Alexander Velovich/MOSCOW

The Russian Aerospace Agency (RASA), which recently took over responsibility for more than 350 aircraft industry enterprises, is planning a programme-oriented - rather than merger-led - approach to industry restructuring.

RASA's newly appointed industry deputy general-director, Yuriy Bardin, defends Moscow's reluctance to force mergers of aircraft plants and design bureaux, claiming that "the source of difficulties is not in the lack of mergers, but in the necessity to find money flows".

Bardin believes the formation of volunteer consortia for specific programmes - as has been employed on the Beriev Be-200 amphibian, Antonov An-70 propfan transport and Tupolev Tu-334 medium transport - constitutes "a more proper approach" and is "easier to exercise".

According to a government directive, RASA is responsible for formulating a federal programme for civil aviation development from 2001 to 2015, to be made public in October.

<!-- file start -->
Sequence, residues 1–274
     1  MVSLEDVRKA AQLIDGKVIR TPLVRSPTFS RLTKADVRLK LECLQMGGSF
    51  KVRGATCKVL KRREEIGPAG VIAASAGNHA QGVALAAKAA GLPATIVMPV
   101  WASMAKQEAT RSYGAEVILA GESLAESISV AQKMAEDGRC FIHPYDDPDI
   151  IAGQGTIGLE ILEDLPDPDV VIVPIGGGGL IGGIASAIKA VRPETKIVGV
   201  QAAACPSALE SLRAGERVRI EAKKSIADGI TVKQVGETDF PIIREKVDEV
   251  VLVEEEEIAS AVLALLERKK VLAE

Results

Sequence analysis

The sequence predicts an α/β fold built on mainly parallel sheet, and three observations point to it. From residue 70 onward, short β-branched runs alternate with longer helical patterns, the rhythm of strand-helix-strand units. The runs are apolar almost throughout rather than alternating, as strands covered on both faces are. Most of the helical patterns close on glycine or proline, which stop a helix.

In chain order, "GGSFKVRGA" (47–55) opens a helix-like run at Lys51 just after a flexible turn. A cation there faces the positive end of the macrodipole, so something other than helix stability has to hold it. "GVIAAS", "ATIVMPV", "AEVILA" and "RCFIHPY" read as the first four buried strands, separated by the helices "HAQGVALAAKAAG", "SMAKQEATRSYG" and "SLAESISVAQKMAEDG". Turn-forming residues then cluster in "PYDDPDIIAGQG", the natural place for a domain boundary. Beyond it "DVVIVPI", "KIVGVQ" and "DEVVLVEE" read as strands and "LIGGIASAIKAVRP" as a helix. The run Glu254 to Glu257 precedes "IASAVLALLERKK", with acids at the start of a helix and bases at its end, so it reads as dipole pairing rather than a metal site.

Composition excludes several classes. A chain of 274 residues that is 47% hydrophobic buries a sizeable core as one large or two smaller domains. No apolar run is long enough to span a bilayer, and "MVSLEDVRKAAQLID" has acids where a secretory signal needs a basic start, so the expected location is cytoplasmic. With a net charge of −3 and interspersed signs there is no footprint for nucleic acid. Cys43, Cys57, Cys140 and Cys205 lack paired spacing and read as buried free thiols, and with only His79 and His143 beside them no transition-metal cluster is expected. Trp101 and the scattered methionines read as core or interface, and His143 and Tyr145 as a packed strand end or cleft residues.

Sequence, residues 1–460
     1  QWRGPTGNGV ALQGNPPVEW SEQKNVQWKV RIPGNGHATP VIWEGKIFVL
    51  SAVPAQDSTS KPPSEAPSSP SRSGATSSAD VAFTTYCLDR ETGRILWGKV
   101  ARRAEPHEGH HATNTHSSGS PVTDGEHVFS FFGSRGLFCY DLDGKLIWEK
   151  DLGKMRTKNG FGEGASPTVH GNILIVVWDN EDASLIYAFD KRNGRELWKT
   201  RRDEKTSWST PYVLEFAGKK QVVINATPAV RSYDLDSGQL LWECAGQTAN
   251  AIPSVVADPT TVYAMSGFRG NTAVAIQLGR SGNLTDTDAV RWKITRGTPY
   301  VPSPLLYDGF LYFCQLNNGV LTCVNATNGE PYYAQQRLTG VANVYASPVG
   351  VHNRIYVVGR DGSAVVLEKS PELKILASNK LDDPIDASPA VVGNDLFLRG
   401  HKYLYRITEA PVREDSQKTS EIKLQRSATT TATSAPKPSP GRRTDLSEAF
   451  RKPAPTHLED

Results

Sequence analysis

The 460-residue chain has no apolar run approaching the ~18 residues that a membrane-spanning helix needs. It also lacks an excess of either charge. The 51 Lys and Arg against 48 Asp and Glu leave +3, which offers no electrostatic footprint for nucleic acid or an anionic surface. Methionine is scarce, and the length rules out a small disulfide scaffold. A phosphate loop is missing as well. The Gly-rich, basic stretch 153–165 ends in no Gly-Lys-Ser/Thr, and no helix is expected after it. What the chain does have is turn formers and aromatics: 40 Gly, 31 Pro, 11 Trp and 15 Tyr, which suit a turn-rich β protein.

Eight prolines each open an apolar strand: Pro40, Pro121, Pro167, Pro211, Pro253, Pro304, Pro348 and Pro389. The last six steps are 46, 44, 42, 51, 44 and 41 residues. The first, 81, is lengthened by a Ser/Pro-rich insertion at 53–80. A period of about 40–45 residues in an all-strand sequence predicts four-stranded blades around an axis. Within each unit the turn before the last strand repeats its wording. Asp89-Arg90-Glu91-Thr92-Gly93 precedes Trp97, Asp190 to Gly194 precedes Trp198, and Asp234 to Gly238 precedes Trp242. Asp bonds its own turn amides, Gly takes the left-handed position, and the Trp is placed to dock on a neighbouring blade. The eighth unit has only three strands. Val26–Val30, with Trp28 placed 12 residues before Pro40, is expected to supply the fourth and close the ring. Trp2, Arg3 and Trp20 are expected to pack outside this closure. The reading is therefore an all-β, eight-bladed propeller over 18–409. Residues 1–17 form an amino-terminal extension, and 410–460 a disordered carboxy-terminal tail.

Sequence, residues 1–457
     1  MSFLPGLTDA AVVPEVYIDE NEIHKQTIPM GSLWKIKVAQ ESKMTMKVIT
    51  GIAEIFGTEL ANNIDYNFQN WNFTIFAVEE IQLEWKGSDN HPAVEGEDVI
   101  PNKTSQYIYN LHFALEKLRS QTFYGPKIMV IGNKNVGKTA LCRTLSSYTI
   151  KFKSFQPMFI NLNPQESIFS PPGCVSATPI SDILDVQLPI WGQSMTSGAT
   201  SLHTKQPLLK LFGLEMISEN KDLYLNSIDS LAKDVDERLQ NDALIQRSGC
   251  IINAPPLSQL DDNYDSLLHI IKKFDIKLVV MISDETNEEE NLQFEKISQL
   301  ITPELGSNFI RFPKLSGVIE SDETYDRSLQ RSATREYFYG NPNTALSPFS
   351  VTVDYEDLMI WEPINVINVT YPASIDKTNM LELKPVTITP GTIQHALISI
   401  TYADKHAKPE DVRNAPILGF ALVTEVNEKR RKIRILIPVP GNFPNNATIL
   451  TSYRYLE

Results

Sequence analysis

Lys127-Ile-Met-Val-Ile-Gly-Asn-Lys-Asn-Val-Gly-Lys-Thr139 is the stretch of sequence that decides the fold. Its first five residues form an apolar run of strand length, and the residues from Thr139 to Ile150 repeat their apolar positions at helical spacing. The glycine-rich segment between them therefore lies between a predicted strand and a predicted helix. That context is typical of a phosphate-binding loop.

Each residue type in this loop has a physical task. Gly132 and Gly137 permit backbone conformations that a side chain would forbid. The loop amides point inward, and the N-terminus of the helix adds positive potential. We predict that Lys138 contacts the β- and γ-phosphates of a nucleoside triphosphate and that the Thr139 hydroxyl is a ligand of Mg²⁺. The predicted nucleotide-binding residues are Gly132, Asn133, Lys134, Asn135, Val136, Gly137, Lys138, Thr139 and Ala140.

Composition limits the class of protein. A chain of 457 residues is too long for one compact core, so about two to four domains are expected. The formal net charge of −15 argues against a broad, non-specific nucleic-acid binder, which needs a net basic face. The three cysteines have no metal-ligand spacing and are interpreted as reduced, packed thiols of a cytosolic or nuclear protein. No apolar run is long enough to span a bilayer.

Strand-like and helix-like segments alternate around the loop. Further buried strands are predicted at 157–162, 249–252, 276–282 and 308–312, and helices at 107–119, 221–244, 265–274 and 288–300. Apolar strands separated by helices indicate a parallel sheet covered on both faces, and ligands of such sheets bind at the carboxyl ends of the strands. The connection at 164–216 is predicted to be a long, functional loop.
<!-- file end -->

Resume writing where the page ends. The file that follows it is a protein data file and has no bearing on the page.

"We have many requests [to be included in the programme], but little money available," says Bardin. An important feature of the new programme will be co-operation with foreign partners, although he says it "will not have a scope as large as we had in the Soviet days".

Despite poor financing of the previous programme - down from 0.3% of the state budget in 1992 to 0.1% in 1998 - most of RASA's targets (for the Ilyushin Il-96 and Il-114, Tupolev Tu-204 and Tu-334 and Beriev Be-200) have been reached. They were achieved, however, with delays and a reduction in the number of flying prototypes available.

Source: Flight International